Reading 12: There has not yet arisen any new disturbance of the sea and of the waves.  But since many prophecies have already been fulfulled, there is no doubt that the few which remain will also follow, for the accomplishment of that which has gone before is our certitude of that which is to follow.  For this reason, dearest brethren, that your minds may be alrt and zealous for your safety, lest, feeling secure, they remain inactive, and on account of ignorance they become weak.  But in all things let fear, on the one hand, rouse them up, and on the other hand, let solicitude for doing good strengthen them.

R. There shall no strangers pass through Jerusalem any more* For in that day the mountains shall drop down sweet wine, and the hills shall flow with milk and honey, saith the Lord.
V. God shall come from Lebanon, and the Holy One from the thick and shady mountain.
R. For in that day the mountains shall drop down sweet wine, and the hills shall flow with milk and honey, saith the Lord.
V. Glory be to the Father, and to the Son, * and to the Holy Ghost.

Gospel: St Luke 21:25-33 - 

And there shall be signs in the sun, and in the moon, and in the stars; and upon the earth distress of nations, by reason of the confusion of the roaring of the sea and of the waves;  Men withering away for fear, and expectation of what shall come upon the whole world. For the powers of heaven shall be moved; And then they shall see the Son of man coming in a cloud, with great power and majesty. But when these things begin to come to pass, look up, and lift up your heads, because your redemption is at hand.  And he spoke to them in a similitude. See the fig tree, and all the trees:  When they now shoot forth their fruit, you know that summer is nigh; So you also, when you shall see these things come to pass, know that the kingdom of God is at hand. Amen, I say to you, this generation shall not pass away, till all things be fulfilled.  Heaven and earth shall pass away, but my words shall not pass away.

Saturday, 19 November 2016

Matins readings for the last Sunday after Pentecost (Nocturn III and Gospel)

Nocturn III: Homily of St Jerome

Reading 9: At that time Jesus said unto his disciples: When ye shall see the abomination of desolation, spoken of by Daniel the Prophet, stand in the Holy Place, (whoso readeth, let him understand,) And so on.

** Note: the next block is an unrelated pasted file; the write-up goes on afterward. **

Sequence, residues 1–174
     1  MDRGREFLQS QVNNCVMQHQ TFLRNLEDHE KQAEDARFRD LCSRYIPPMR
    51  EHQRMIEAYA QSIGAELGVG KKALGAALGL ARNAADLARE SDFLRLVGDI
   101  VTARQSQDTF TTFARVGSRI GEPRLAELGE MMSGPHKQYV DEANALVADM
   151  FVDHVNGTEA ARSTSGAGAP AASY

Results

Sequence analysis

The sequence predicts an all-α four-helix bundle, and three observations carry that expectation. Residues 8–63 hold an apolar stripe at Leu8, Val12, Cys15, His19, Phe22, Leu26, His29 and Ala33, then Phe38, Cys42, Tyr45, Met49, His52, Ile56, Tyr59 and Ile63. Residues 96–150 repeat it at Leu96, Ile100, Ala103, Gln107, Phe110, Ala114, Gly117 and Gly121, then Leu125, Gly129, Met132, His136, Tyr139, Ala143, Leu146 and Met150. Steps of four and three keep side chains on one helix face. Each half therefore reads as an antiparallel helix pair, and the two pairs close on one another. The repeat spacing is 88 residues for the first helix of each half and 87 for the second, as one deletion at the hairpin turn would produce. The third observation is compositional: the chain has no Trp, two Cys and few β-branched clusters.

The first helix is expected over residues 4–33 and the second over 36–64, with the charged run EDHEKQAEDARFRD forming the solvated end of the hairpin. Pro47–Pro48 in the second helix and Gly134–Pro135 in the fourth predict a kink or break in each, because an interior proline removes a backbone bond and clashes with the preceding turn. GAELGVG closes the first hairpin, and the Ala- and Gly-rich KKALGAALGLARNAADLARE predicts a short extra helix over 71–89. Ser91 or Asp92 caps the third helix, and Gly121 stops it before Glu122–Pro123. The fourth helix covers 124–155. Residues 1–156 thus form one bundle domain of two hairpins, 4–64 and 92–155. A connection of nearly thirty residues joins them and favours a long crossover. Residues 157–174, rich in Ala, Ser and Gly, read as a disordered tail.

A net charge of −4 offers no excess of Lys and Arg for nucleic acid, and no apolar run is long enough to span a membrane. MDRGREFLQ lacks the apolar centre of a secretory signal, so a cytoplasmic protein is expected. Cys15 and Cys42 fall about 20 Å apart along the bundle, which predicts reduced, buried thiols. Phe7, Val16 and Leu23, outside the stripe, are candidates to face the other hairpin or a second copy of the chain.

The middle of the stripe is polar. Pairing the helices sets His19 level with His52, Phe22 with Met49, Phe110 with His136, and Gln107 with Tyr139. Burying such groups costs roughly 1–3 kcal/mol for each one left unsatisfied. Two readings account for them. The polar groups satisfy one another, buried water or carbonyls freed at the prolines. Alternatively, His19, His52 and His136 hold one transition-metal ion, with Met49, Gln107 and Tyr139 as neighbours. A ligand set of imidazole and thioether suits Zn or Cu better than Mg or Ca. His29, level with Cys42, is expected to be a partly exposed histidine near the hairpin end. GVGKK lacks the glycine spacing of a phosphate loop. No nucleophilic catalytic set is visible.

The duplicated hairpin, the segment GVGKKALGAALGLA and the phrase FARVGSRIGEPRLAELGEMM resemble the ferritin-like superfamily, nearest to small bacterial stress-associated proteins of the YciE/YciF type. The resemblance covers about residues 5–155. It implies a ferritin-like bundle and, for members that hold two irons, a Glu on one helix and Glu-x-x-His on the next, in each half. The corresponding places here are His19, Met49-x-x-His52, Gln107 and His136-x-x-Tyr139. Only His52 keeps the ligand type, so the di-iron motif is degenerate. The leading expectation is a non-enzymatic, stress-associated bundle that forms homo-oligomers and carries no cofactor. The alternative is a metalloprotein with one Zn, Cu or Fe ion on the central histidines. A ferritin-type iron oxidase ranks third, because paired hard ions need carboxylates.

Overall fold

This injunction to whoso readeth, to understand, showeth that there is here something mysterious. In Daniel we read as followeth And in the midst of the week the sacrifice and the oblations shall be taken away and in the temple there shall be the abomination of desolation, even until the consummation of the time and a consummation shall be given to the desolation.

R. Blessed is the people* Whom the Lord of hosts hath blessed, saying O Israel thou art the work of Mine own hands, thou art Mine own inheritance.
V. Blessed is the nation whose God is the Lord, and the people whom He hath chosen for His own inheritance.
R. Whom the Lord of hosts hath blessed, saying O Israel thou art the work of Mine own hands, thou art Mine own inheritance.

Reading 10: It is of this same thing that the Apostle speaketh, when he saith that a man of iniquity, even an adversary, shall be exalted against whatsoever is called God, or is worshipped so that he shall even dare to stand in the temple of God, and to show himself as God whose coming shall, according to the working of Satan, destroy and banish away from God all who shall receive him.

R. The Lord hath sent His angel, and hath shut the lions' mouths, that
* They have not hurt me forasmuch as before Him innocency was found in me.
V. God hath sent forth His mercy and His truth, (and delivered) my soul from among the lions' whelps.
R. They have not hurt me forasmuch as before Him innocency was found in me.

Reading 11: This prophecy may be understood either (first) simply of Antichrist, (secondly) of the statue of Caesar, which Pilate set up in the Temple, or (thirdly) of the statue of Hadrian on horse-back, which hath stood, even until our own day, upon the site of the Holy of Holies. In the Scriptures of the Old Testament "abomination" is a word very often used for an idol, and the farther title "of desolation" is added to identify an idol erected upon the site of the desolate and ruined temple.